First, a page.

Bribery, Fraud & Tax Evasion
Gazprom and the Russian government have long had a close relationship, but the revolving door between them is spinning especially fast this year. But Gazprom also epitomizes the risks of state capitalism: waste and inefficiency.
Paulo Roberto Costa, former head of Petrobras' refining and supply unit, has named dozens of politicians who allegedly took bribes from the Brazilian company. Costa claims that Petrobras paid out three percent of the value of new contracts to the politicians in return for favorable votes for the government.
WASHINGTON -- The Justice Department has rejected a proposal from accounting firm Arthur Andersen for settlement of a criminal obstruction charge stemming from the shredding of Enron Corp. documents, an Andersen attorney said Friday.
Roy Blunt, R-Mo., wrote at least three letters helpful to Abramoff clients while collecting money from them. He swapped donations between his and DeLay's political groups, ultimately enriching the Missouri political campaign of his son Matt.
The Senate is investigating the role of private investment banks in the Enron scandal. Could public institutions, like the World Bank and the Export-Import Bank be next?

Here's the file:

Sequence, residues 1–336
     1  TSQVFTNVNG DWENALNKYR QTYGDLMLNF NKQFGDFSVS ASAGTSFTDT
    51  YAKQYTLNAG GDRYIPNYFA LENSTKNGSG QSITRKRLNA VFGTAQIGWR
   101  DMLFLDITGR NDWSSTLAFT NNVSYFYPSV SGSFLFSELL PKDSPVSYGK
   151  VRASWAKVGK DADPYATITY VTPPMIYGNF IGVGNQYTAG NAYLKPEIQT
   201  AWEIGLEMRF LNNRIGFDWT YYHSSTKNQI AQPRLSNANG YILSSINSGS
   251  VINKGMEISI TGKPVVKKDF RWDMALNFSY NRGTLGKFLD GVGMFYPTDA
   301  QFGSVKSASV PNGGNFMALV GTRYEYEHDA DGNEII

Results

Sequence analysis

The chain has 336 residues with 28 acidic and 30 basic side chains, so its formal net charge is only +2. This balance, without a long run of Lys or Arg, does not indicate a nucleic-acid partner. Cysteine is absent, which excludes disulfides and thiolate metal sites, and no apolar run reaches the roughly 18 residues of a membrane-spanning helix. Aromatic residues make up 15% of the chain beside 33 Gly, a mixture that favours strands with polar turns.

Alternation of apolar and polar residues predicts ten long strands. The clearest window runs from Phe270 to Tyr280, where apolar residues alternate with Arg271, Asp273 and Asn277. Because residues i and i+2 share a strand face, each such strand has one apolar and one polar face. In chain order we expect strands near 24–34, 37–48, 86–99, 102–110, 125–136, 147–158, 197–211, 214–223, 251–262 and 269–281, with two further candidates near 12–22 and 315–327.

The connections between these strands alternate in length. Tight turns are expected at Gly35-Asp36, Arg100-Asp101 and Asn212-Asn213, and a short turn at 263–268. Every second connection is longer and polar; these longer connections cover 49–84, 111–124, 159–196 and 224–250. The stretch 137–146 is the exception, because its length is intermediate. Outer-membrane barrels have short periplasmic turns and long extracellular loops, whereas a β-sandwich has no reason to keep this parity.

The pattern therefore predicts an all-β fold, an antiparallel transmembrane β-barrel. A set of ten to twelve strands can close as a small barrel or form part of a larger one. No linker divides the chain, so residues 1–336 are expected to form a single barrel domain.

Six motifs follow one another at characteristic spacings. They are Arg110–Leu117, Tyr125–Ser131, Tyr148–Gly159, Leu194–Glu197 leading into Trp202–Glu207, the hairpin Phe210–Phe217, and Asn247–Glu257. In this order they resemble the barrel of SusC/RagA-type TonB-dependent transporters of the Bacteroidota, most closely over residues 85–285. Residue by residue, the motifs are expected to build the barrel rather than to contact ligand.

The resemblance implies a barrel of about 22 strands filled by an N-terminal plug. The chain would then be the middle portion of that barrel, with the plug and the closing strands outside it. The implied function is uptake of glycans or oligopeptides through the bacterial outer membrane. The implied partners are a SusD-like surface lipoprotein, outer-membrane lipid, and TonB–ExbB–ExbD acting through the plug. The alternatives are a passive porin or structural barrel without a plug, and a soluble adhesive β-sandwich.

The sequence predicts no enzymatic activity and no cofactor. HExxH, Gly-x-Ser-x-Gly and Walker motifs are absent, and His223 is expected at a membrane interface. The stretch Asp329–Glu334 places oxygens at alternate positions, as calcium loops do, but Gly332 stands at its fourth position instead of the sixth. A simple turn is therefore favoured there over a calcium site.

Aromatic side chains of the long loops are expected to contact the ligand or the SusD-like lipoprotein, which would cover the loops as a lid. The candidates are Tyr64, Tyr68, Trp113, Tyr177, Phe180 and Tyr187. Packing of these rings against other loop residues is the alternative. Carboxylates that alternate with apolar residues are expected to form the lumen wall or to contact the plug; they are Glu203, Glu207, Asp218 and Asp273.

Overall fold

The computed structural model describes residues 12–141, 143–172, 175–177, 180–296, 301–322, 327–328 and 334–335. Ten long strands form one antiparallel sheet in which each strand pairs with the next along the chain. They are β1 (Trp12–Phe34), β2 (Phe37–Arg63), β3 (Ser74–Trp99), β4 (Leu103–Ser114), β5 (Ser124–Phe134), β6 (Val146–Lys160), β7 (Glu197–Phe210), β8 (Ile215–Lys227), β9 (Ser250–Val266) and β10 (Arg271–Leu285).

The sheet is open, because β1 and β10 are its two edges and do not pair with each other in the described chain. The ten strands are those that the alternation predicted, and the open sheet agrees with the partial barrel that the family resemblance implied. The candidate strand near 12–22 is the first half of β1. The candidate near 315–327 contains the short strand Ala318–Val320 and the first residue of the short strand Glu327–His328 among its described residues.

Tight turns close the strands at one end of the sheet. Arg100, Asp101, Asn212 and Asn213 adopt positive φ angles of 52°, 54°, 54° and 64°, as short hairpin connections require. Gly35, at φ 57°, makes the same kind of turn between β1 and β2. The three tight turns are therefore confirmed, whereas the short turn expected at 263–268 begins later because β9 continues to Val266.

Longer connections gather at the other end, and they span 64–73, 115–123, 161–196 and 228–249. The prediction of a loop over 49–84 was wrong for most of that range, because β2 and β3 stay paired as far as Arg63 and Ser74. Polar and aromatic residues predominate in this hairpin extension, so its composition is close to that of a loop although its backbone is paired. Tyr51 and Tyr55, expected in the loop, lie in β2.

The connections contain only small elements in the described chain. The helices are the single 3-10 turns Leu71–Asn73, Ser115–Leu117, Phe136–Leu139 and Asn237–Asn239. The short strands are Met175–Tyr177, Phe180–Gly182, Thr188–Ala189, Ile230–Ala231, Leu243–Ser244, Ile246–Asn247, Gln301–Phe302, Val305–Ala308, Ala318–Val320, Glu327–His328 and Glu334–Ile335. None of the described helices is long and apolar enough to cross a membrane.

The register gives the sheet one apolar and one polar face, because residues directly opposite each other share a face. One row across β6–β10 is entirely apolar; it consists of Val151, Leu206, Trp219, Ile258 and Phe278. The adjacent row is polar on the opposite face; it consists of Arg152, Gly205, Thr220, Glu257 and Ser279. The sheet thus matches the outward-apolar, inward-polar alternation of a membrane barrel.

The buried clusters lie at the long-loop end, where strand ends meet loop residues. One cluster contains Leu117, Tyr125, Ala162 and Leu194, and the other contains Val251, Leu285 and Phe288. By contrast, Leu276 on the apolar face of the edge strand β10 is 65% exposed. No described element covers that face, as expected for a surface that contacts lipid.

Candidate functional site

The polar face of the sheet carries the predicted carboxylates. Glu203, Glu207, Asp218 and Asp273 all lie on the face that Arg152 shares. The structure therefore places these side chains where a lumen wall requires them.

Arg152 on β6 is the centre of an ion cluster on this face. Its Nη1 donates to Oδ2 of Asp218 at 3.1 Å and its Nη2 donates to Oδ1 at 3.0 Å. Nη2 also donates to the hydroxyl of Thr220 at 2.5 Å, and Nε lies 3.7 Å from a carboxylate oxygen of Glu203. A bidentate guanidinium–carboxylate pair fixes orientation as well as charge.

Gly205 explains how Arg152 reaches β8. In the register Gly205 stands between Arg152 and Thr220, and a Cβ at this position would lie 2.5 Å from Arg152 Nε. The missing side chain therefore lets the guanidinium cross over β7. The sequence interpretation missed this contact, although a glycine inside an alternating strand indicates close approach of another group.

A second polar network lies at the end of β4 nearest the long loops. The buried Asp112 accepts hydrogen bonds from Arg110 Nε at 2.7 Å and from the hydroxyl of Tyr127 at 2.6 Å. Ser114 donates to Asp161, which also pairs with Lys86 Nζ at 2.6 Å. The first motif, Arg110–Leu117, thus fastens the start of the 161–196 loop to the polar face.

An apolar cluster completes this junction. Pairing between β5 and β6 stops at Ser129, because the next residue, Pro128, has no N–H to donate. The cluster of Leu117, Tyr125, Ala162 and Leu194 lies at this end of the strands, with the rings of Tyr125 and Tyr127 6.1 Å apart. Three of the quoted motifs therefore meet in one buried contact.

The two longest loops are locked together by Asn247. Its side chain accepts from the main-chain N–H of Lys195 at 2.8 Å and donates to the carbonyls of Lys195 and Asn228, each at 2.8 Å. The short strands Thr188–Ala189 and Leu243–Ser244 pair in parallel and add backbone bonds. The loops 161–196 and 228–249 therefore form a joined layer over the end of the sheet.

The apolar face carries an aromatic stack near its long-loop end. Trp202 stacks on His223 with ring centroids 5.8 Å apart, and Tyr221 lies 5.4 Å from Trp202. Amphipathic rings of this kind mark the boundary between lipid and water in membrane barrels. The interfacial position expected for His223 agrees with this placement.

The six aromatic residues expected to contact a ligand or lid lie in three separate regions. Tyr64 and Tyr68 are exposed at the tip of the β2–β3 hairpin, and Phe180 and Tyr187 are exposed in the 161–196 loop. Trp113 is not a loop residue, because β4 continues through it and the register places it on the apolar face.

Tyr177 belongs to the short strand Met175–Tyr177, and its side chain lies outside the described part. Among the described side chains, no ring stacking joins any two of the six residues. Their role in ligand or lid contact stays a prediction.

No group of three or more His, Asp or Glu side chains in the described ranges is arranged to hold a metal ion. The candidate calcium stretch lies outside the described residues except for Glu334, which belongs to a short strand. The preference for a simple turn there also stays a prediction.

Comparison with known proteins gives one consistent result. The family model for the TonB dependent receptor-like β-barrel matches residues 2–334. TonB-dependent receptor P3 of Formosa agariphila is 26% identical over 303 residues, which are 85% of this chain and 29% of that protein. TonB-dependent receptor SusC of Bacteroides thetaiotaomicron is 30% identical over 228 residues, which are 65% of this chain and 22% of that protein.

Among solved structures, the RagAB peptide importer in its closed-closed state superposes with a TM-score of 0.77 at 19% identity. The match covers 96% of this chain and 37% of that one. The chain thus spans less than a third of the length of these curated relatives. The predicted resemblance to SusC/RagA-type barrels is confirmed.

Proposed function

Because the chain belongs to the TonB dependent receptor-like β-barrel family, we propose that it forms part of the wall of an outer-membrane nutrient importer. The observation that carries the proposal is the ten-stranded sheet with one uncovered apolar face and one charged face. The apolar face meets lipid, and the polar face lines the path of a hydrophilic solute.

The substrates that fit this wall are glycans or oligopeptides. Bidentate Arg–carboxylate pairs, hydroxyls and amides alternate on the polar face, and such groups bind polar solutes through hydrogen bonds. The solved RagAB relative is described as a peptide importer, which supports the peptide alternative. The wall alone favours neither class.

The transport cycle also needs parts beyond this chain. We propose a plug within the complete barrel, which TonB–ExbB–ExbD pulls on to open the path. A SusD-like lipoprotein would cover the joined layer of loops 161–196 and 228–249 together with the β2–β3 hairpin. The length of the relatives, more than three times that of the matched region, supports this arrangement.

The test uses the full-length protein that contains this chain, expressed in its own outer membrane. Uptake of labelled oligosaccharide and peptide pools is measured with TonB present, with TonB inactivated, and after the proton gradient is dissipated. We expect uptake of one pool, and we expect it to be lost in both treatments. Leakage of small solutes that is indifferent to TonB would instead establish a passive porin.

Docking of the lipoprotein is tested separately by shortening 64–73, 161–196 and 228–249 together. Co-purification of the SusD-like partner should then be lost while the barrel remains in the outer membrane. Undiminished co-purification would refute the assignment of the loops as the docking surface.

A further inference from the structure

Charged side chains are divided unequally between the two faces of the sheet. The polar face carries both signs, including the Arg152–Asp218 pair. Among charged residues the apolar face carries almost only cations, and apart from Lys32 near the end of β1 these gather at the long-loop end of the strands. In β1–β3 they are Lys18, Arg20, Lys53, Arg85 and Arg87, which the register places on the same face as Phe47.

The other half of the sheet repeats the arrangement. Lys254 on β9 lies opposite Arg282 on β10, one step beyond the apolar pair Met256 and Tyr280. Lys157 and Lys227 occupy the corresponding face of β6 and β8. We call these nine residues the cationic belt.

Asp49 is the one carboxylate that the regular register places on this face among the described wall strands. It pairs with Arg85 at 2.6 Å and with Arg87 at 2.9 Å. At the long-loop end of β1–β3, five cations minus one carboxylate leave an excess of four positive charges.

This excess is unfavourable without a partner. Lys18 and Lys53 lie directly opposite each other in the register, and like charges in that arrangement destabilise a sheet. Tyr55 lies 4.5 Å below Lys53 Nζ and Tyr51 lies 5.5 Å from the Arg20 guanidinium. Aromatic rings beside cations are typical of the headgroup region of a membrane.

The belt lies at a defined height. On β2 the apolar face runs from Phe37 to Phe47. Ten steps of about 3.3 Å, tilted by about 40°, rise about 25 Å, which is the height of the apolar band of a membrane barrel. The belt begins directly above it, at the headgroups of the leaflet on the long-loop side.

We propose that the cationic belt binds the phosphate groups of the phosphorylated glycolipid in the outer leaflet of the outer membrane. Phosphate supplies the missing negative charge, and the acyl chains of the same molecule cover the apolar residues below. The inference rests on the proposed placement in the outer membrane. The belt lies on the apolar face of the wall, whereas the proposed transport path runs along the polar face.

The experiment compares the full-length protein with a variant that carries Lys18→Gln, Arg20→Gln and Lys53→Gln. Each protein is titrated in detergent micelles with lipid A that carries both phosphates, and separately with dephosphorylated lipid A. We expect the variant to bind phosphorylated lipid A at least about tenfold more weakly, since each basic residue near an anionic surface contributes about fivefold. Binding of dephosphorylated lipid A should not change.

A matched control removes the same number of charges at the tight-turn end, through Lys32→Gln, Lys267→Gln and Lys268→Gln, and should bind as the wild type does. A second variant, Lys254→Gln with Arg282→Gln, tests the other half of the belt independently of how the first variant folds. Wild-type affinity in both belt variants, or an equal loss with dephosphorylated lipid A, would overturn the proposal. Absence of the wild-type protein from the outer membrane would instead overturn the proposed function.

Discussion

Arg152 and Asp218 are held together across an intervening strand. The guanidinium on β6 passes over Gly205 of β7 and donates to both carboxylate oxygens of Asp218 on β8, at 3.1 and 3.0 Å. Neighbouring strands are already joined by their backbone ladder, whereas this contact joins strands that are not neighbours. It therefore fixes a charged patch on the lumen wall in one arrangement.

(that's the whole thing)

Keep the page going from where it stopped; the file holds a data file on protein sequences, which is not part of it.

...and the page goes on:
WASHINGTON, DC -- An Enron Corp. backlash is rolling across Europe, feeding skepticism about the United States as a financial role model as top U.S. and European Union market regulators prepare to meet here next week.
Five major military contractors are competing to design a system to tackle up to two million undocumented immigrants a year in the United States. Boeing, Ericsson, Lockheed, Northrop Grumman and Raytheon are working on proposals that focus on high technology rather than high fences, but ignoring some of the fundamental problems of immigration. Listen to an interview with author, Joseph Richey.
The World Bank has withheld the findings of an inquiry into alleged mismanagement of bank funds in the Democratic Republic of Congo, raising fresh questions about the anti-corruption strategy of Paul Wolfowitz, the bank's president
Record fines adding up to $36 billion have been paid out in the last 12 years by multinational corporations to the U.S. government to settle charges of corruption and fraud. But are they getting away with a slap on the wrist to avoid prosecution for major crimes?
The SECURISK insurance company has illegally collected insurance premiums amounting to 1.2 million Liberian dollars from employees of the Ministry of Internal Affairs.